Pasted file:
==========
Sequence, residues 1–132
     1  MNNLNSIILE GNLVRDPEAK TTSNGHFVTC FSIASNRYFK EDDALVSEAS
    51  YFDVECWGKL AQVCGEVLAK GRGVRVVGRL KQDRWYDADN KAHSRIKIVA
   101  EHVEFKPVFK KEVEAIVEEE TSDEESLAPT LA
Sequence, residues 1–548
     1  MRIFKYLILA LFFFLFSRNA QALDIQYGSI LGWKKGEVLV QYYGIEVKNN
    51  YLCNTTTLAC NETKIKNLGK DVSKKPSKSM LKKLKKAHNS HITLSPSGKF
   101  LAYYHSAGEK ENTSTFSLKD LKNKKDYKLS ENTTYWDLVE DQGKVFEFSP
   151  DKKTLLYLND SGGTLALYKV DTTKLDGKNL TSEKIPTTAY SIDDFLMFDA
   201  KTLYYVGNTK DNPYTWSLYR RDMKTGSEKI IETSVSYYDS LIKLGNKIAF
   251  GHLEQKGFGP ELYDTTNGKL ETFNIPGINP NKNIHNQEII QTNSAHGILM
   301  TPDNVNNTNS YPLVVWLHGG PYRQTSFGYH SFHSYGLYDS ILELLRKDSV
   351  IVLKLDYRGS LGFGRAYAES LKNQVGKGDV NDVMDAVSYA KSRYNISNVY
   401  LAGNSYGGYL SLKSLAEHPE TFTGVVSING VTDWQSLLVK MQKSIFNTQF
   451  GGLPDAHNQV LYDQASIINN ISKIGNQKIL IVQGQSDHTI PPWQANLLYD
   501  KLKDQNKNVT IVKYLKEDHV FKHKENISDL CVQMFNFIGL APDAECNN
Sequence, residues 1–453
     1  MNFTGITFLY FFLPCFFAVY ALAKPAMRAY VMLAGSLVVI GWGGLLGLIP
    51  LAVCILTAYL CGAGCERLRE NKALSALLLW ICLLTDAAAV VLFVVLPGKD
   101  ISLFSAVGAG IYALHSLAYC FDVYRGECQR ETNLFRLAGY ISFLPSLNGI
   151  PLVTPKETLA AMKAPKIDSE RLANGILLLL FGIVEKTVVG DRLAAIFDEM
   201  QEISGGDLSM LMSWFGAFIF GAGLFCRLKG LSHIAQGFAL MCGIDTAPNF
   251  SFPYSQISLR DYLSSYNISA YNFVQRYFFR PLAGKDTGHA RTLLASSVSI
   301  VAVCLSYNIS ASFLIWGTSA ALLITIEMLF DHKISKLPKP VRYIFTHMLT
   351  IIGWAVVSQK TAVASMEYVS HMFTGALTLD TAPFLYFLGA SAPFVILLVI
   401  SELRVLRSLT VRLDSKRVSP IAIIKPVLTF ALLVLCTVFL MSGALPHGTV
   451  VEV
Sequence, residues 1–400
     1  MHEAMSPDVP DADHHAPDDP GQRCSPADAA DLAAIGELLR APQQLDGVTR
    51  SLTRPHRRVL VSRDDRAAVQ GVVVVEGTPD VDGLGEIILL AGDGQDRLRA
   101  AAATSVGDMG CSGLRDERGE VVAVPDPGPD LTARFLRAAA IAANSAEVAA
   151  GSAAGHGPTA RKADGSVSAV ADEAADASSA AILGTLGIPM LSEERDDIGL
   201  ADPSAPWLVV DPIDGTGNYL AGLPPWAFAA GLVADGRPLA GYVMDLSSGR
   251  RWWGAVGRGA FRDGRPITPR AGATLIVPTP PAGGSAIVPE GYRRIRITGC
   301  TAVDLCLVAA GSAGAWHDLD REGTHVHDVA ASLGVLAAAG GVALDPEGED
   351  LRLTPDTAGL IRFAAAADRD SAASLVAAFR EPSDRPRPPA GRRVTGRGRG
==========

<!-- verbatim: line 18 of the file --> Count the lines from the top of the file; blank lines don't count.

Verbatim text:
     1  MNFTGITFLY FFLPCFFAVY ALAKPAMRAY VMLAGSLVVI GWGGLLGLIP